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Watercolor Santa in colorful snow
Detail from Savage Friedman Christmas poster, 1968.
February 11, 2021

Lee Savage

One of the nerdy delights I take in the Glaser Archives is uncovering the web of Glaser’s friends and clients, particularly those with whom he worked repeatedly. Here we have a few projects for (Whitney) Lee Savage, who was a good friend of Glaser’s. Savage was an accomplished realist painter whose works are in the permanent collections of the Whitney, Smithsonian American Art Museum, and the Newark Museum, among others. Throughout the 1960s and 1970s, Savage was the subject of ten solo exhibitions at the Krasner Gallery in New York City. Glaser designed the invitation for at least one of these shows, in 1964.
plug in outet
 
exhibition announcement
 
exhibition announcement

In addition to his fine arts pursuits, Lee Savage collaborated with Glaser in his capacity as an art director and animator. In 1965, Lee Savage co-founded Savage Friedman, a film production company. The logo, designed by Glaser, is the color of old newsprint, contrasting nicely with the more spare and informal style of the brochure announcing personnel changes to the business.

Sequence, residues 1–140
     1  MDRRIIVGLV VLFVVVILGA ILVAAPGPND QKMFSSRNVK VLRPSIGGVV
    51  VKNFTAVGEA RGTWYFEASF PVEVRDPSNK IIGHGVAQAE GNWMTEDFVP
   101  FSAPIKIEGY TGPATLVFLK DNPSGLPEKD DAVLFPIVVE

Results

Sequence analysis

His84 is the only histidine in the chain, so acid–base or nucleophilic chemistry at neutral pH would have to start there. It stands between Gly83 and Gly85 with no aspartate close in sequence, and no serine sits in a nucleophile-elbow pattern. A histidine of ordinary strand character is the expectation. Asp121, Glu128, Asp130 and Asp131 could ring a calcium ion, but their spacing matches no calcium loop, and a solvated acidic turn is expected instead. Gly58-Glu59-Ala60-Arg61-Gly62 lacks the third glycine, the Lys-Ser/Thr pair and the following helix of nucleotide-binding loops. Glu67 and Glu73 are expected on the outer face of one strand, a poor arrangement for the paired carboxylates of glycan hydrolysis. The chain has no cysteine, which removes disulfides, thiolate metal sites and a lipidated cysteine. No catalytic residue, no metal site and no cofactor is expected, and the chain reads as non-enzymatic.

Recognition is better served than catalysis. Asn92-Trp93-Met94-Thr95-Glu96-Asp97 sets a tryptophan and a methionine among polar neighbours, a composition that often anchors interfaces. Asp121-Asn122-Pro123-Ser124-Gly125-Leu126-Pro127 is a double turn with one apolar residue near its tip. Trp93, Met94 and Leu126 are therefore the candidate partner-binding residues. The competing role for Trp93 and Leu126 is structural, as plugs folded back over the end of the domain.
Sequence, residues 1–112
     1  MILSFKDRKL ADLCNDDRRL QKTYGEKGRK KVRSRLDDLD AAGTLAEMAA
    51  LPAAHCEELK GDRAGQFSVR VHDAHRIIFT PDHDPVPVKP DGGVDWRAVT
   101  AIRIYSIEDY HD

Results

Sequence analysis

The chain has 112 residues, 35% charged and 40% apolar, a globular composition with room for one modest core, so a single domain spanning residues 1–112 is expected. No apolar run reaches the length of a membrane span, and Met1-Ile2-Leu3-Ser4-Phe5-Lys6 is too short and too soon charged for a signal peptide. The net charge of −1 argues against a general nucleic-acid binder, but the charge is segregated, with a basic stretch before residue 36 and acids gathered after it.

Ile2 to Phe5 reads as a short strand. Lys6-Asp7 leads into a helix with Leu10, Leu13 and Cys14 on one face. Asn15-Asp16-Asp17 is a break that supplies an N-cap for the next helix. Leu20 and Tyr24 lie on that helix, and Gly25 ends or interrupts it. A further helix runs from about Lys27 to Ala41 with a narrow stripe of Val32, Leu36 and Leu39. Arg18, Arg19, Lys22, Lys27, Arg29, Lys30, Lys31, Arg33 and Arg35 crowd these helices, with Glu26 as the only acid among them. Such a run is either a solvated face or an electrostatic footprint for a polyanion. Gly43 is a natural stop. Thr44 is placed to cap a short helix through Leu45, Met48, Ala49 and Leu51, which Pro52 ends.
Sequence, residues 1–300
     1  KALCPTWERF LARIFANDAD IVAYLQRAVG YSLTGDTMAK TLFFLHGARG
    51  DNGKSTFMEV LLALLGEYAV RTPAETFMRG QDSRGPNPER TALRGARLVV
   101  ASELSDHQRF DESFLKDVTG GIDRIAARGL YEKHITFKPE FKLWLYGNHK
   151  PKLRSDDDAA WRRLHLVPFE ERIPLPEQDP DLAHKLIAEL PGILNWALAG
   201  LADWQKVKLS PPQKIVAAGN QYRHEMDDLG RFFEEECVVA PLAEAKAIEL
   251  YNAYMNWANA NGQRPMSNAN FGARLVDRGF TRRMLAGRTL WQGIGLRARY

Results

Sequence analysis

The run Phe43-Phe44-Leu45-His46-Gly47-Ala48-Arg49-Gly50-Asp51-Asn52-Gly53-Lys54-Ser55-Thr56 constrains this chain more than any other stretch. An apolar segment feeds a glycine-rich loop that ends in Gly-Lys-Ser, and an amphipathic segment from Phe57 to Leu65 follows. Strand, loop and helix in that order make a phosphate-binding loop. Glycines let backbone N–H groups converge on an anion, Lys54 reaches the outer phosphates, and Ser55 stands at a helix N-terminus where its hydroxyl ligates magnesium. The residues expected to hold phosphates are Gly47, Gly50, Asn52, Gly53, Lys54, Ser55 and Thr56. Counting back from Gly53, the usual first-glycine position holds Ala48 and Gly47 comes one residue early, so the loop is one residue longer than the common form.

business card
Savage Friedman brochure announcing personnel changes
Savage Friedman brochure announcing personnel changes page 2


In 1968, Glaser designed a lovely Christmas poster for Savage Friedman, featuring one of his trademark inkblot figures, this time a Santa, in a colorful snowstorm.
Watercolor Santa in colorful snow

The most interesting Glaser-Savage collaboration was the underground short, “Mickey in Vietnam.” Directed by Savage and designed and produced by Glaser, the one-minute silent animation depicts Mickey Mouse being shot and killed in Vietnam. The film was produced for the Angry Arts Festival, which invited artists to create works to protest the Vietnam War. The film disappeared for many years but then resurfaced on YouTube in 2013.

Like many other great illustrators, designers and animators of the time, Savage also did lots of work for “Sesame Street” and “The Electric Company” in the 1970s. He created numerous animated shorts including “Harry Works High in the Sky” and a series of animations featuring a hand creating a drawing, each one offering a mini-lesson on perspective.

Here’s a lovely remembrance by his son Adam Savage (of "MythBusters").